There are very few people who understand the true importance of protecting the tiger. Most people feel it is only a matter of saving an animal that makes a beautiful sight to see. This reason only makes up a fraction of why we need to save this incredible animal. The tiger is at the top of the food chain in the jungles that it roams.
The following is a very basic description of the chaos that would ensue if the tiger became extinct. If this was to happen, the populations of prey species like Spotted deer and Sambhar would burst at the seams. This excessive population would then totally ravage it’s food source – vegetation. If the vegetation in the jungles was devastated, where and how would the insects survive. They may even shift to the crops in farmlands. If the plants in the jungles would be finished, what would refurbish the soil. If the soil was no longer fertile, new plants would not sprout. Over the years, this would probably mean the end of the jungles.
The end of jungles also means the end of the biggest suppliers of the oxygen filled air, which we take so much for granted. This is a very simple layman description of what the result of tiger extinction could mean to our own survival. The truly scientific description is even more alarming and drastic.
It isn’t necessary for every one of us to take world-awakening steps. All we have to really do is influence those that are a part of our own lives. Obviously, anyone wanting to do more than that is another breath of fresh air for a dying tiger. There are many NGOs and other organisations that are totally dedicated to protecting the tiger. We will try and, as soon as possible, give you a list on this site of such organisations, which you can contact and lend a hand in tiger conservation.
It is important to realise at the outset, if you are intending to help in this line, that protecting the tiger does not necessarily mean working in operations dealing directly with the tiger. It could easily mean working on assignments dealing completely with villages in Park buffer zones, other animal species, welfare of staff working in reserves, villagers, issues dealing with cattle grazing, etc. The one thing that is common with all these assignments is that they are all directly or indirectly aimed at protecting the jungle and it’s inhabitants, which obviously includes the tiger.
The main thing that requires a mention here is that if you care for the tiger and want to do something about it – the time is NOW. Act – before it’s too late.
1. Tiger Supports Livelihood
Tourism is the world’s biggest industry. On the ecotour front, the tiger is a star attraction for not just the Indian tourists but also for the people coming from other countries. There are foriegners who come to India only to have a glimpse of the tiger and then there are others who return more than once for another such opportunity.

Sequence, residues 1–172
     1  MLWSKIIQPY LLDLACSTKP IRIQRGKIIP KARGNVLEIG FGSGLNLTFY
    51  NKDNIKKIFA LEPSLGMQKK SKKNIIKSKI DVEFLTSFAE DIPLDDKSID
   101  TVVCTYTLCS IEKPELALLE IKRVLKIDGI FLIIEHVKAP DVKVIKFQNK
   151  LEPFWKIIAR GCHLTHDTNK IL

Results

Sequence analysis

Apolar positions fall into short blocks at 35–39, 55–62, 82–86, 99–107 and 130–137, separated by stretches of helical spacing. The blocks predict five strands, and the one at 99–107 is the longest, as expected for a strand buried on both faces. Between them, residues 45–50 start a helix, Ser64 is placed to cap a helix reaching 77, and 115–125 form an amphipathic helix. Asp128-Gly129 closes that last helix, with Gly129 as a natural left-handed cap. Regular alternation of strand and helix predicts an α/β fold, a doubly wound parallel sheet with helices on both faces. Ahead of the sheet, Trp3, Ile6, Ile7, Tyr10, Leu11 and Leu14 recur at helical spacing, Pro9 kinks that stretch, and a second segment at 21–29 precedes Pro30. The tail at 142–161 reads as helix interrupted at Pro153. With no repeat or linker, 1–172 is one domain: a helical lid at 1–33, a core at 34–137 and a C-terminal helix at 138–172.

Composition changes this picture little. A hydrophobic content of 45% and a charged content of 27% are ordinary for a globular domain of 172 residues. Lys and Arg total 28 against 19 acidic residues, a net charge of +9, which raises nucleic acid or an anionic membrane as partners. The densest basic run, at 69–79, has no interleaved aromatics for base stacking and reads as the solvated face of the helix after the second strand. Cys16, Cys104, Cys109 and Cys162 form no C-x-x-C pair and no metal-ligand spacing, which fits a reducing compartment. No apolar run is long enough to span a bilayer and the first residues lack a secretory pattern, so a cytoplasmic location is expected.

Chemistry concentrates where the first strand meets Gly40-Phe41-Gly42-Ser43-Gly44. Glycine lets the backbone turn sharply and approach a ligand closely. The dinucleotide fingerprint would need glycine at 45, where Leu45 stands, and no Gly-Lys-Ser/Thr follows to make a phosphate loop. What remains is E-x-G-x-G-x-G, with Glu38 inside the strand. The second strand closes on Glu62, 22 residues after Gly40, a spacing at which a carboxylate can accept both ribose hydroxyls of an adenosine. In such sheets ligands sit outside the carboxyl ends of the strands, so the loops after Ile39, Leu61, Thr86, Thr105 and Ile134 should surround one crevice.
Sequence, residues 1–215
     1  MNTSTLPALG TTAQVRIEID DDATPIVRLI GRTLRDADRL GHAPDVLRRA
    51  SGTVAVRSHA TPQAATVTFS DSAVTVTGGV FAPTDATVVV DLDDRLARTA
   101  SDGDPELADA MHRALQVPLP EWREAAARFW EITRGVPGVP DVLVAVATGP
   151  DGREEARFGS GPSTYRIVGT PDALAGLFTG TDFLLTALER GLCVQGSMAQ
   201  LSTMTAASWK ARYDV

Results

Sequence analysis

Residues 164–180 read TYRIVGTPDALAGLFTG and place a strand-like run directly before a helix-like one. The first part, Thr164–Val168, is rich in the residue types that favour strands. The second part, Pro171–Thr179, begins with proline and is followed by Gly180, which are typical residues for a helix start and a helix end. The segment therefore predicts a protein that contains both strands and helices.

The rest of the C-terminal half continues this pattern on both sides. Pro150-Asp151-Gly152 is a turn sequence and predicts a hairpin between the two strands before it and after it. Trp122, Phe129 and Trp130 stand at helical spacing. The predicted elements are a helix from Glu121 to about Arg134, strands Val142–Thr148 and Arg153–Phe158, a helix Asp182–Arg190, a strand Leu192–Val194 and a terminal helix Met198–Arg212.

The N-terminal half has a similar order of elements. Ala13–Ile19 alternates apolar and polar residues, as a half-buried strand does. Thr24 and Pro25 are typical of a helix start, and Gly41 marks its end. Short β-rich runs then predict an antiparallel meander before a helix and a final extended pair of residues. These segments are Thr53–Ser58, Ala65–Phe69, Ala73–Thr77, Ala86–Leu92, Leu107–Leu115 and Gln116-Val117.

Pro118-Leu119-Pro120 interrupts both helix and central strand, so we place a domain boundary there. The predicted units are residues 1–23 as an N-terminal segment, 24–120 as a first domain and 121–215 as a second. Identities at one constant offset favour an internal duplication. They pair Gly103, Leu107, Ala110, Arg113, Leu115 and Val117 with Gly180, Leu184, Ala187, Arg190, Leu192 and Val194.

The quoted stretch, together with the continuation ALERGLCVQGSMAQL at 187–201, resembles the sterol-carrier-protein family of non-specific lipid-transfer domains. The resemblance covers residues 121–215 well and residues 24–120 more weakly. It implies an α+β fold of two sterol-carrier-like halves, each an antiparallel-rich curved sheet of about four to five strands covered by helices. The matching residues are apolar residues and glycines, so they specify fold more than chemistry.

The look in the eyes of a canter that has just come out of a National Park after sighting a tiger is very different from the look and feel of a canter that could not sight any. This eventually impacts the tourist influx thus impacting everyone from the tour companies to the local tour guides. A healthy tiger population thus supports livelihoods as well.
2. Tiger Protects Genetic Diversity
Tiger is an umbrella species. It’s conservation automatically ensures the conversation of a large number of flora and fauna and entire ecosystems. Thus, a properly planned tiger conservation programme is actually a programme to protect and save large number of species.
However, a dwindeling tiger population and news of declining number of tigers only implies an immediate threat to what is remaining of our natural ecosystems. A healthy tiger population thus also protects all that remains of our natural ecosystems.
3. Tiger brings Rain
A tiger is a both a guardian and an indicator of a healthy forests. A healthy forests. Few understand that a live bird or insect is far more important to the economy than a dead one. A live tiger brings rain – a dead one brings nothing but devastation.
4. Tigers Prevent Climate Change
A healthy tiger population lives in large forests – which are nothing but the natural sinks of Carbon. The more tigers we can save, the more healthier reserves we have, larger is our national carbon sink. A tiger should therefore be entitled to carbon credits in the form of protection.
And last, but never the least…
5. Tiger is a symbol of our National Pride
This is what India.gov.in has to say about our National Animal:
The magnificent tiger, Panthera tigris is a striped animal. It has a thick yellow coat of fur with dark stripes. The combination of grace, strength, agility and enormous power has earned the tiger its pride of place as the national animal of India. Out of eight races of the species known, the Indian race, the Royal Bengal Tiger, is found throughout the country except in the north-western region and also in the neighbouring countries, Nepal, Bhutan and Bangladesh.
#Information taken from delhigreens.com